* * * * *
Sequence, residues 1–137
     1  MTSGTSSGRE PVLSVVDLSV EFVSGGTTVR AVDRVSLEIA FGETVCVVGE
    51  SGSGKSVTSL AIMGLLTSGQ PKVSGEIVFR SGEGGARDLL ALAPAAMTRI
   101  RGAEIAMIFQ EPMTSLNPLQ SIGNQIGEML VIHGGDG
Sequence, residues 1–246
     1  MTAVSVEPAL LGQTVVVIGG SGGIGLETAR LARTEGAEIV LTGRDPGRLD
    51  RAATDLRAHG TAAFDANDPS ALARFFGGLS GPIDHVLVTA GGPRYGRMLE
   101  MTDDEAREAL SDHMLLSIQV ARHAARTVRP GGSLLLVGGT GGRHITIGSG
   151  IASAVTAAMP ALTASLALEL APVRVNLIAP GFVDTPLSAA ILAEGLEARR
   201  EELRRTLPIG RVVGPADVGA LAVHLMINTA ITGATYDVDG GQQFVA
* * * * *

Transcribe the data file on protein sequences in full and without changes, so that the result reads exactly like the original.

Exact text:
Sequence, residues 1–137
     1  MTSGTSSGRE PVLSVVDLSV EFVSGGTTVR AVDRVSLEIA FGETVCVVGE
    51  SGSGKSVTSL AIMGLLTSGQ PKVSGEIVFR SGEGGARDLL ALAPAAMTRI
   101  RGAEIAMIFQ EPMTSLNPLQ SIGNQIGEML VIHGGDG
Sequence, residues 1–246
     1  MTAVSVEPAL LGQTVVVIGG SGGIGLETAR LARTEGAEIV LTGRDPGRLD
    51  RAATDLRAHG TAAFDANDPS ALARFFGGLS GPIDHVLVTA GGPRYGRMLE
   101  MTDDEAREAL SDHMLLSIQV ARHAARTVRP GGSLLLVGGT GGRHITIGSG
   151  IASAVTAAMP ALTASLALEL APVRVNLIAP GFVDTPLSAA ILAEGLEARR
   201  EELRRTLPIG RVVGPADVGA LAVHLMINTA ITGATYDVDG GQQFVA